The Blackbird

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  • Areal: Europe, Asia, North Africa, Australia and New Zealand
  • In almost all of Europe. Nordic populations migrate to southern Europe or even northern Africa in the winter season
  • Habitat: Forests, agricultural areas, urban areas etc.
  • Food: Omnivorous
  • Size: 23.5-29 cm
  • Weight: 100 g
  • Colors: Black-matte, black-brown
  • Reproduction: Begins at the age of one year. Then lay 4-5 eggs
  • Predators: domestic cats
  • Average age: Longevity in the wild is 3 years
  • Features: The male is black, the beak is yellow and the glasses (ring around the eyes) orange.

The blackbird (Turdus merula) is a singing bird, which is also called the lonely Sturgeon. It is a singing bird widespread in Europe, Asia, North Africa, Australia and New Zealand, but is more widespread on the European continent.

Nordic populations migrate to southern Europe or even northern Africa in the winter season. In the past blackbird was a bird of the forest, but starting with the nineteenth century through the appearance of parks began to live in gardens near man. Migratory populations reach winter in northern Africa and southwestern Asia. The autumn migration of blackbird starts in September, with the birds leaving wintering places in February-March. They care about the diversity of urban micro-habitats, with good nesting and feeding places, with hiding places in front of the weather or predators.

The European nesting population is very large 40,000,000-82,000,000 pairs, and populations in several countries increased in the period 1990-2000. Blackbird is one of the most widespread birds in Europe, with a population of 79 to 160 million copies.

The species was evaluated by IUCN (International Union for Nature Conservation) and included in the low risk category with minimal conservation concern.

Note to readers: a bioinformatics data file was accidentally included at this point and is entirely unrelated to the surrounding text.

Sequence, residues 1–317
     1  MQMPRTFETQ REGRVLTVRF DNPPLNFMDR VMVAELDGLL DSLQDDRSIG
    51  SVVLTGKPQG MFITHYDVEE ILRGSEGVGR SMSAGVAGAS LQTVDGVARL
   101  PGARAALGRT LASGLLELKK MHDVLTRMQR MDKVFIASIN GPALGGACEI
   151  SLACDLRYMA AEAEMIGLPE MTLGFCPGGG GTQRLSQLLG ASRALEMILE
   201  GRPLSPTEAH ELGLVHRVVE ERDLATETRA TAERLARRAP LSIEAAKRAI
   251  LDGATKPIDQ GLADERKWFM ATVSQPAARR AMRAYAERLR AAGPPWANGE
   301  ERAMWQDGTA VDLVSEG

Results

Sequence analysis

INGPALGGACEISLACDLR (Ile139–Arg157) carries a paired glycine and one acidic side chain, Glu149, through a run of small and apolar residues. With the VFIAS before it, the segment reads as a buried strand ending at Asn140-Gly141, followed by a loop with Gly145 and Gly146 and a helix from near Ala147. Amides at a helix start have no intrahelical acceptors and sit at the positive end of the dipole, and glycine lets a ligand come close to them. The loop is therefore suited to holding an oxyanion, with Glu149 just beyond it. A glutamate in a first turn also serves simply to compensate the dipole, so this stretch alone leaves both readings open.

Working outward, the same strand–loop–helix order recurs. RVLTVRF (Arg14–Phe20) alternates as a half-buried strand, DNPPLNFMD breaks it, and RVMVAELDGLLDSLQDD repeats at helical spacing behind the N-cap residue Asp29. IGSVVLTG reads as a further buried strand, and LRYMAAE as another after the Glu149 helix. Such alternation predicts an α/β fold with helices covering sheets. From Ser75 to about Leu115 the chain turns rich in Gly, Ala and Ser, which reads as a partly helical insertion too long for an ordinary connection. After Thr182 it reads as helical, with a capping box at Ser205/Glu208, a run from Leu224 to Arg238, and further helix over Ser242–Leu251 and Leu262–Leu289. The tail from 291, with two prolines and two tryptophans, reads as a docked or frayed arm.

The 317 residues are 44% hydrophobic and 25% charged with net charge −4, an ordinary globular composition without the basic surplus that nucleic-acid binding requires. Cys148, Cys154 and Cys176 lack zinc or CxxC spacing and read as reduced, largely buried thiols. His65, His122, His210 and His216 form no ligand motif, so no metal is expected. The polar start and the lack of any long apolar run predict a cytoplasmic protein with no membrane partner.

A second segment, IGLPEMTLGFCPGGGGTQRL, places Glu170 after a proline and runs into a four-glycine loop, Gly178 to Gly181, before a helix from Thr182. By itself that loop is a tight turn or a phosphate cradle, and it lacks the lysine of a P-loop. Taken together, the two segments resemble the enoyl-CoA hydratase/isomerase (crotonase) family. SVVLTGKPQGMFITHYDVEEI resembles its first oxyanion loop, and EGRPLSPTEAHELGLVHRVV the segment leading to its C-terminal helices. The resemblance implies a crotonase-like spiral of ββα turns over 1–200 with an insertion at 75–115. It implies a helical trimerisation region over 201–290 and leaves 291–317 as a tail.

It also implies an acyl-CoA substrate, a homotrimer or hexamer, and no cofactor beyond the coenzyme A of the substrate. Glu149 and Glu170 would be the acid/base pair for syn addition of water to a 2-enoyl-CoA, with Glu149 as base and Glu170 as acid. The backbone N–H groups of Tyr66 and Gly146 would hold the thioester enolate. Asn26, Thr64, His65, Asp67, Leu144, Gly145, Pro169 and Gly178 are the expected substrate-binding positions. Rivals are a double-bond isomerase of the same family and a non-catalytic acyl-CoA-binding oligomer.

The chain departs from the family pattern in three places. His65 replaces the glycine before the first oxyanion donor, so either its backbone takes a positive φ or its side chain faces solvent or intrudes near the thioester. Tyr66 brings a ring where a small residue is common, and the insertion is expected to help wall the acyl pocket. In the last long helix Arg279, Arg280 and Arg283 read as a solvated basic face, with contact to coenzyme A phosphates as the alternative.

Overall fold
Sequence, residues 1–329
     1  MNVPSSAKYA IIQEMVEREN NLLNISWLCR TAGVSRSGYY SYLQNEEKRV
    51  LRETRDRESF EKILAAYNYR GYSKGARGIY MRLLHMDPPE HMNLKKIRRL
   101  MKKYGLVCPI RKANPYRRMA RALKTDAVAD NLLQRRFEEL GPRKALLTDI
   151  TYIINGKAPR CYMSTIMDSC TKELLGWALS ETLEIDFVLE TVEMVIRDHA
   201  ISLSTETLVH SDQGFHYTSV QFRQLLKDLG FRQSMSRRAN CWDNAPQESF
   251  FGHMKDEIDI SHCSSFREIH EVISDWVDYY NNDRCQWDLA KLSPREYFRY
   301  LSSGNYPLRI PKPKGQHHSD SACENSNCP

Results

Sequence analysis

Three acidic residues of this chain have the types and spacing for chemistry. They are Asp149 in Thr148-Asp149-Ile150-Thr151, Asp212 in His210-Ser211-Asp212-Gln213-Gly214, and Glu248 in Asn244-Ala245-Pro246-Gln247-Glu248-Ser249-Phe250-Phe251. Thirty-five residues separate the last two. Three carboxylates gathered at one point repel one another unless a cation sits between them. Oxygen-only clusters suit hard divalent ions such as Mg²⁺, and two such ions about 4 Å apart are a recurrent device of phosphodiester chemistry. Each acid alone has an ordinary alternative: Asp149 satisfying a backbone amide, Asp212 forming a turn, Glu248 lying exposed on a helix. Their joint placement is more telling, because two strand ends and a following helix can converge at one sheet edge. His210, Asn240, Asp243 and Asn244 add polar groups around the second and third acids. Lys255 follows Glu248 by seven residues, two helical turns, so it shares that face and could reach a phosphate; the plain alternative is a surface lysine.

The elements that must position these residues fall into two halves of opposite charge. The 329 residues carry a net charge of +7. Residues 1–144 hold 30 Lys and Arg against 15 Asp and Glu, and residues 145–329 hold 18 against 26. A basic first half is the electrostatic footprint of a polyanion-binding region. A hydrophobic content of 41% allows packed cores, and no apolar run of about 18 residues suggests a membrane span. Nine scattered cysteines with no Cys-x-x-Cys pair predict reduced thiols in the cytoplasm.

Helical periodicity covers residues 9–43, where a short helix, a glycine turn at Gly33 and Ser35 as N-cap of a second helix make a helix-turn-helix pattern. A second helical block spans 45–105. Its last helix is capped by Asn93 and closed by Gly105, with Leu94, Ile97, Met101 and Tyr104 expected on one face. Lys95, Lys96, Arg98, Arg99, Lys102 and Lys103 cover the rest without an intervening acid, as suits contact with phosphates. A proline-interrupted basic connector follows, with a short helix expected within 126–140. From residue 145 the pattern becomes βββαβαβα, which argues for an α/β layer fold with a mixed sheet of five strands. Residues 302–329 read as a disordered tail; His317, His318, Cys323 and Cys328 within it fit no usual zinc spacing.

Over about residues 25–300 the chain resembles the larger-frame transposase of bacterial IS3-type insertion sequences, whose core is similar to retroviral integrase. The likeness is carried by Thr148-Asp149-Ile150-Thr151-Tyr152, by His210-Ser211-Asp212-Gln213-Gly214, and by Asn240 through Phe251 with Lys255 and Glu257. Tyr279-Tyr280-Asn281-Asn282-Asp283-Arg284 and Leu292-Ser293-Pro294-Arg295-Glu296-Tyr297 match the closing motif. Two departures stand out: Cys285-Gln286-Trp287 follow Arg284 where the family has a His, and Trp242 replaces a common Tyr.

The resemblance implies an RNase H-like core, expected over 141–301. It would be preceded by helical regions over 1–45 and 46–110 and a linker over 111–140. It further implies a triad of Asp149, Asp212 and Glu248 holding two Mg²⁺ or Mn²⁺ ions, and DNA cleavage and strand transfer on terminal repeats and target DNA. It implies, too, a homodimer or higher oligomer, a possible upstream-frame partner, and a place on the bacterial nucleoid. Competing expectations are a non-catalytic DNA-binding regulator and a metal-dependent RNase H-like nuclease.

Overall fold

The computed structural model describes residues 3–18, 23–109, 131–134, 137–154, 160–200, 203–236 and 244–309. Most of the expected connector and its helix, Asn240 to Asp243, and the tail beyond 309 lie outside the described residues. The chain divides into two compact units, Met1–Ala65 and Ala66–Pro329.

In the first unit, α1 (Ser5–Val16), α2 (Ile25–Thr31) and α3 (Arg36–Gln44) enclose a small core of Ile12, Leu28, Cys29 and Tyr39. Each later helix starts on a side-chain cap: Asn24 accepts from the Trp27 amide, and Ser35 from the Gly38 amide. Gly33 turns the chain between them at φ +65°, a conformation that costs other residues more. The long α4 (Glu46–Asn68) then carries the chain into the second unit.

Blackbird’s Food

It feeds mainly on food of animal origin, but consumes, depending on the season some fruits and vegetable seeds. It feeds during the day by searching through the layer of leaves, listening to the soil to catch the frames or shading in trees and bushes after berries.

Food availability may be affected by the use of pesticides in agricultural areas and gardens, as well as by the disappearance of tree fences as a result of the intensification of agriculture leading to the loss of suitable nesting places. Farmers and gardeners can help by reducing the use of chemicals to ensure the existence of invertebrates captured by blackbird to feed their chicks. Blackbird eats cherries, grapes and berries of all kinds of ornamental bushes or ornamental trees planted in cities; they can also consume household waste.

Blackbird’s Aspect

It is of medium size, with a long tail, easily recognizable by the uniform matte black feather of the male, the light yellow-orange beak and the yellow ring of the eye. The beak blackens in winter.

The females have the upper part black-brown, brown dotted chest and a whitish neck.

The body length is 23.5-29 cm, wingspan of 34-38 cm and the average weight of 100 g. It has an omnivorous diet, feeding on insects and frames during the nesting season and berries in the autumn season and in winter.

Blackbird’s Behavior

His song is melodious and varied, low-pitched, reminiscent of flute sounds, and can be heard from March to June.

Besides this basic chirp, blackbird also emits other types of sounds, ranging from aggressive ones to alarms, which announces the presence of predators.

Blackbird’s Reproduction

Reproduction begins at one year of age. The males establish a territory in the first year, and the monogamous pairs remain together until one of the partners dies.

Before mating, the male performs a bridal dance, running on the ground while bending his head and opening his beak. The female builds a nest in the shape of a grass cup and leaves in the low vegetation in a covered place. 4-5 eggs are laid from March and are only hatched by the female for 12-14 days. The average size of an egg is 29 × 21 mm.

Both parents feed the chickens that develop the feather at 11-18 days after hatching. The chicks become independent 3 weeks later. Pairs can grow 2-3 generations per season.

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